Jonah: Arise and go or arise and run?

Jonah 1:1-16

If you want action, Jonah is the story for you. In the first 15 verses Jonah hears from God, runs from God, gets on a boat with sailors who served many gods, sleeps through a storm, gets caught in his disobedience, and gets tossed overboard.

At the same time, God is also active. He calls Jonah to go to Ninevah, watches Jonah run the other way, sends a terrifying storm, causes the lots to fall on Jonah, and reveals himself to the sailors who abandoned their old gods and “feared the Lord exceedingly” (v. 16).

Jonah started near-ish the Mediterranean Sea (the second from right bulls-eye in the map above). Nineveh is the far right bulls-eye. Tarshish is the far left, on the coast of modern Spain. So, the Lord tells Jonah to arise and go. That’s the first time Jonah is told to arise. He arose, but ran the other way, trying to get as far away from God’s call as possible.

The second time Jonah was told to wake up was in the middle of the storm. He was running from God in disobedience AND in the middle of a massive storm and he was asleep??? But, evidently his mind wasn’t worried about the consequences of his actions, and the ship’s captain had to wake him up. “Arise,” he said, “Call out to your god and maybe he will listen.”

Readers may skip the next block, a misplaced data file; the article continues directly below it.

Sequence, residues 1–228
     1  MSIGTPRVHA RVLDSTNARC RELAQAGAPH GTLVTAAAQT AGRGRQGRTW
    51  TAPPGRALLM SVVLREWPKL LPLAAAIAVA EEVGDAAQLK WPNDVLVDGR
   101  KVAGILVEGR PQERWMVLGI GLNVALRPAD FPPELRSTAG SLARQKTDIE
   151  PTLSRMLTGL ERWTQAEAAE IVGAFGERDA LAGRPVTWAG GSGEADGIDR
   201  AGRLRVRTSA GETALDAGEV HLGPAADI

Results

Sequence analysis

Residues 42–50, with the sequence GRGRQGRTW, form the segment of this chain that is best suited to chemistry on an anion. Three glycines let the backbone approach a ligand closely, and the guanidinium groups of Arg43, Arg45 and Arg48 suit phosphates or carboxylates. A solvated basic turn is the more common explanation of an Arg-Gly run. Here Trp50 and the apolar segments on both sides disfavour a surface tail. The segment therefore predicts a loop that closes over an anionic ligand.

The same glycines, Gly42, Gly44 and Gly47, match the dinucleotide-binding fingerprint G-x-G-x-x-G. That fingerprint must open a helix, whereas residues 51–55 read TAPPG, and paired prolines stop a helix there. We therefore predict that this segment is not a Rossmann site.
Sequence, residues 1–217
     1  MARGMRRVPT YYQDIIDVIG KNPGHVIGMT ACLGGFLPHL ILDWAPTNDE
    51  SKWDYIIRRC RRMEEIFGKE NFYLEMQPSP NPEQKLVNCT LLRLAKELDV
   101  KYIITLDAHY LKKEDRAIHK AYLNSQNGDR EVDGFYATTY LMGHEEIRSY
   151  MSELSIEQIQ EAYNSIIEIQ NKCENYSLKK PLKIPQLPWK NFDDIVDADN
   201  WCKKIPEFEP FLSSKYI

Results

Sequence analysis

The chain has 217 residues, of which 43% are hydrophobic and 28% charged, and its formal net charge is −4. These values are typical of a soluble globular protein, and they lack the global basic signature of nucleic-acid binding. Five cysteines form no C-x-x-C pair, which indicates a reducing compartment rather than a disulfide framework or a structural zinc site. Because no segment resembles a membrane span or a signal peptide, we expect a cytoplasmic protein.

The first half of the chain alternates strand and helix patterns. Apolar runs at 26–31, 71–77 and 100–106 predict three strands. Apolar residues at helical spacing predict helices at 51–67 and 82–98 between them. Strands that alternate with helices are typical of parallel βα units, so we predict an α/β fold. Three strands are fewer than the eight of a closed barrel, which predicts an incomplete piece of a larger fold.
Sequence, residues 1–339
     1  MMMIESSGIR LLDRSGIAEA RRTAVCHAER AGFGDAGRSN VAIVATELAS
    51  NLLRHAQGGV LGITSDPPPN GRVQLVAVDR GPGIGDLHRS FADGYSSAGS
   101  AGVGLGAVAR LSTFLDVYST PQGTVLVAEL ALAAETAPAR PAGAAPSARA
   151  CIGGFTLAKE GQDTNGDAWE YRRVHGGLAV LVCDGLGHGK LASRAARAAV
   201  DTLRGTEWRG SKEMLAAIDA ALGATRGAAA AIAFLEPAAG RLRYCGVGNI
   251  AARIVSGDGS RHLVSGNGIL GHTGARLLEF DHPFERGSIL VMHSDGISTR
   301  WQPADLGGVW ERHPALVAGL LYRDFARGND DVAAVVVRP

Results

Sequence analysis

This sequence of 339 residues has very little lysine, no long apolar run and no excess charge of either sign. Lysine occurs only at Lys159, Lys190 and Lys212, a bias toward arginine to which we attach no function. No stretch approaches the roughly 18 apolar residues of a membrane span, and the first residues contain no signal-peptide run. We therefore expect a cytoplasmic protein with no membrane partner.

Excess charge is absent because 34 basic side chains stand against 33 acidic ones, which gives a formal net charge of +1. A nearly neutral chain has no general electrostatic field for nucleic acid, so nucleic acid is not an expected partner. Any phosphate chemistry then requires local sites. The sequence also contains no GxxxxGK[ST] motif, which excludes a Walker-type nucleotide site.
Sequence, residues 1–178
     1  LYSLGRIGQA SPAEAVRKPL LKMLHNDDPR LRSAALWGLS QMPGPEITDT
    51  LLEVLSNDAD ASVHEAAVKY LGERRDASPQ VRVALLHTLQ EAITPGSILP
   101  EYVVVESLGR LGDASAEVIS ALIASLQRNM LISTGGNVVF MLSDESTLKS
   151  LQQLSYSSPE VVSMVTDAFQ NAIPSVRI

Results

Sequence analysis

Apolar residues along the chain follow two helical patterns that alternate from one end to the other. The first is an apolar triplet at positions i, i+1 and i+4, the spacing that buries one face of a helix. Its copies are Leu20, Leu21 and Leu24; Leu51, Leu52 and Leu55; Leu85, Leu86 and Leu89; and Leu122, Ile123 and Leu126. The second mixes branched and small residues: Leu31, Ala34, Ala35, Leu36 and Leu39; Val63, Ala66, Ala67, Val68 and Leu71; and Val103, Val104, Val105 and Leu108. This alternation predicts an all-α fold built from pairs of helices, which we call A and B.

Jonah was told TWICE to arise and neither time was he fully compliant. The first time he ran; the second time he played dumb. This is a prophet acting this way; he knew the Scriptures better than most. He knew all the stories of God knowing the hearts of people and not being fooled by them. Still, he somehow thought he could play Survivor with the Almighty: outwit, outplay, outlast. Spoiler alert: he didn’t win.

We might look at Jonah and wonder how or why he could think the way he did. We might even judge his disobedience. But I know how easy it can be to run the other way or play dumb when God leads me to do something I really don’t want to do or am afraid of doing. We all do. We who are believers are just as knowledgeable as Jonah, but we can also act like Jonah until we are caught, reprimanded, and sent on our way. We may not be physically tossed in the ocean, but we feel that terror. The question becomes, what do we do with that feeling?

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